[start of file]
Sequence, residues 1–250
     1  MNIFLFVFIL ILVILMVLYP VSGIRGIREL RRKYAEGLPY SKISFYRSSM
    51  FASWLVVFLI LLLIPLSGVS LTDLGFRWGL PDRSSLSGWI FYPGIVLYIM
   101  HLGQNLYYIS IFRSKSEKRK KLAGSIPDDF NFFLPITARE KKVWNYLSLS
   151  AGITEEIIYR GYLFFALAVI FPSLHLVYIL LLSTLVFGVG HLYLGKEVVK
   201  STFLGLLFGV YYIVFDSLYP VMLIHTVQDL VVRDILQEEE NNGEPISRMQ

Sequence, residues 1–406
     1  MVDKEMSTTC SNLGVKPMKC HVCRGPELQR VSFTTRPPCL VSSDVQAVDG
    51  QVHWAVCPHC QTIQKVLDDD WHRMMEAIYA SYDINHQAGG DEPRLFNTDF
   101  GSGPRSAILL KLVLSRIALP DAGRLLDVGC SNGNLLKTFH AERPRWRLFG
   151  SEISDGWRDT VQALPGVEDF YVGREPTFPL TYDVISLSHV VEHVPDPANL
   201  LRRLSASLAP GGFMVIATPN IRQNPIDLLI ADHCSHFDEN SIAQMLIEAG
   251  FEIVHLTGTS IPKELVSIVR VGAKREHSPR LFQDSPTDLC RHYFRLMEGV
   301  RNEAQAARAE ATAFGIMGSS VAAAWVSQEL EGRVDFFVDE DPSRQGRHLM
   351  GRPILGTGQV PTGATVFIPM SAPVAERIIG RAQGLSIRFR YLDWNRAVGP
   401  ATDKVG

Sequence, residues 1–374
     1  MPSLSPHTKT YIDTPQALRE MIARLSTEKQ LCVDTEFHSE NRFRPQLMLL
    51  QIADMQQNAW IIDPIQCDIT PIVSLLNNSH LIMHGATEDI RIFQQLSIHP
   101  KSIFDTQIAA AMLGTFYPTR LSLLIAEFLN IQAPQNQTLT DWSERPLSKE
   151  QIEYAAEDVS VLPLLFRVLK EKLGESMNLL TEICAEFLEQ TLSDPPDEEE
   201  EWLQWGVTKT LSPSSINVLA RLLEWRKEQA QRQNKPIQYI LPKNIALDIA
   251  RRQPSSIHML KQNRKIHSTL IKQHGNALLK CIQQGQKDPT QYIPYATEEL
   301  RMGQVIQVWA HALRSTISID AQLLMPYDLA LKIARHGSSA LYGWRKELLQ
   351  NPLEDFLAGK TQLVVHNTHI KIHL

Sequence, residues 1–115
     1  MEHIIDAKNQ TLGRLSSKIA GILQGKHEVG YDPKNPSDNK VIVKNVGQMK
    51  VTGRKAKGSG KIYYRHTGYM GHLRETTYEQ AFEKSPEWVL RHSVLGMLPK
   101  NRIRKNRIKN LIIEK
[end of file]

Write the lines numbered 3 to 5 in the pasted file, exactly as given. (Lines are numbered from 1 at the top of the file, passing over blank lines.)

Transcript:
    51  FASWLVVFLI LLLIPLSGVS LTDLGFRWGL PDRSSLSGWI FYPGIVLYIM
   101  HLGQNLYYIS IFRSKSEKRK KLAGSIPDDF NFFLPITARE KKVWNYLSLS
   151  AGITEEIIYR GYLFFALAVI FPSLHLVYIL LLSTLVFGVG HLYLGKEVVK